“I mean, the world needs saving, and you look like just the man to do it,” I said, trying to cover my tracks and failing miserably. Ryan raised his eyebrows at me.
“Yes. So, Ryan is here from Ireland,” Shane said, trying to change the subject and, no doubt, protect me from further embarrassment.
“Ireland,” I giggled nervously. “I loved ‘Braveheart.’” Ryan cocked his head to one side and his eyes got really big.
Shane leaned over towards me and whispered, “’Braveheart’ was Scotland.”
I said, “Well, I know it took place in Scotland, but that crazy guy that was Mel Gibson’s body guard and who thought God was his best friend was Irish. In fact, he said he owned Ireland. And then there were those soldiers Longshanks hired to…”
Shane put his hand over my mouth and said, “And stop talking now.”
“Eh, where do I go for a slash?” Ryan asked. That didn’t sound good.
“I mean, where are the toilets?” He asked again.
“Through the double doors, then make your first right,” Shane, answered. Ryan then walked off, and I couldn’t help but watch. Next thing I knew, Shane was squeezing my arm and throwing me into a chair.
“So!” Shane asked with annoyance in his voice. “Did someone just have a stroke?”
“Mmm,” I mumbled.
“Okay. So, yes or no?”
“Alrighty then. I’ll see if I can find you some peanut butter cups.” Shane walked away and left me to my imagination again. Oh, Ryan was devastatingly handsome! I hadn’t felt anything like that since I’d watched “Superman,” when he took Lois Lane for that flight around the Statue of Liberty. Maybe Shane was right. Maybe I was having a stroke.
The rest of worship team practice went off without a hitch, which should have been my first indication that something was about to go horribly wrong. I walked off the platform to get my purse, and Shane skipped over to me.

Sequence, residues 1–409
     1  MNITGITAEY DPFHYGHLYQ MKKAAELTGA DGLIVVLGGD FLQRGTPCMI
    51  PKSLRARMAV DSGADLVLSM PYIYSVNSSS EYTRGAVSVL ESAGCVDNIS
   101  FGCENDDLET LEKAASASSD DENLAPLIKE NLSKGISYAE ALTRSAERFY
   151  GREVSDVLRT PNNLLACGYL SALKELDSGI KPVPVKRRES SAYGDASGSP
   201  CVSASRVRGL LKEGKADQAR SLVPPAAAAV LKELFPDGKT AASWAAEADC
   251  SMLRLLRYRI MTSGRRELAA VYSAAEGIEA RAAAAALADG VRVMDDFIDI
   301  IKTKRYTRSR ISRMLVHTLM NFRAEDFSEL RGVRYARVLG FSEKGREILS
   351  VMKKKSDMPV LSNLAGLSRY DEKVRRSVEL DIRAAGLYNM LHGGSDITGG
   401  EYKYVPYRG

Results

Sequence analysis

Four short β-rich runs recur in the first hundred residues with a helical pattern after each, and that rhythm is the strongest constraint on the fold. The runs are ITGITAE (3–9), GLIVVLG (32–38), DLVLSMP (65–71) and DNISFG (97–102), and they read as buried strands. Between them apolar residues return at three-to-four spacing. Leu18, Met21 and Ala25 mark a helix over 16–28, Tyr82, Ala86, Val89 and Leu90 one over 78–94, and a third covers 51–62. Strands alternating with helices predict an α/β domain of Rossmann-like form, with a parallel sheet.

“Ooh! I am famished. So, who’s paying us to eat out tonight, Mags?” Shane asked.
I was about to answer, when I felt “the presence” behind me. It was Ryan.
“You get paid to eat out?” he asked.
“When Margaret’s with us, we do. She’s the coupon queen,” Shane replied.
“How does that happen?”
“I’m pretty sure it’s illegal, but until someone can prove it, we shall eat, drink, and be merry.”
“Well, I’ll go to my car and see what I’ve got,” I said, excusing myself before I had the chance to say anything stupid. It seemed like the smart thing to do at the time. I headed towards the front door of the church and reached to open it, when someone opened it for me. I turned around. Again, it was Ryan.
“I hope you don’t mind me walking you to your car, but where I come from, we don’t let a lady out in a parking lot at night unescorted,” he said.
“Mmm,” I muttered, certain I was about to have another stroke. “And where is it that you come from again?”
“Ireland,” Ryan replied, with a slightly confused look on his face.
“What do you have to do to get restaurants to pay you to eat their food?”
“Oh. Coupons. I clip all the coupons in the Sunday paper, download some from the Internet. Then, I just combine them the right way so that our food’s free, or nearly free.”
“Hmm. I never heard of such a thing.”
“Don’t you have coupons in Ireland?”
“Not magic ones, like yours.”
“No wonder you left.” We both laughed as we reached my car. I unlocked the driver’s side front door and Ryan held it open for me.
“I’m not here permanently. I’ll be going back in eight weeks,” Ryan said.
“Oh, good!” I thought. “I don’t think I have any blood vessels in my head left to burst.”
I found my coupon box, got out of the car, and put my hand on the door, not realizing Ryan’s right hand was in the door way.
“This is my magic coupon box.” I said gleefully as I slammed the door shut…right on his hand.
“Omigosh, omigosh, omigosh,” he screamed in pain. I pulled the door back open and Ryan pulled his hand out. It looked a little mangled and turned all sorts of different colors.
“Oh no!” I screamed, dropping my keys and my coupon box on the pavement. “I am so sorry!” I bent down to get my things. Ryan, who I was discovering was the consummate gentleman, even in the face of great adversity, reached down at the same time to pick up my keys and my coupons, the result of which was our heads colliding, only adding to his pain and my humiliation.
“Arghh!!!!” I yelled. “I’ll go get help.” I ran back into the church. Actually, a stroke would have been really nice right about then.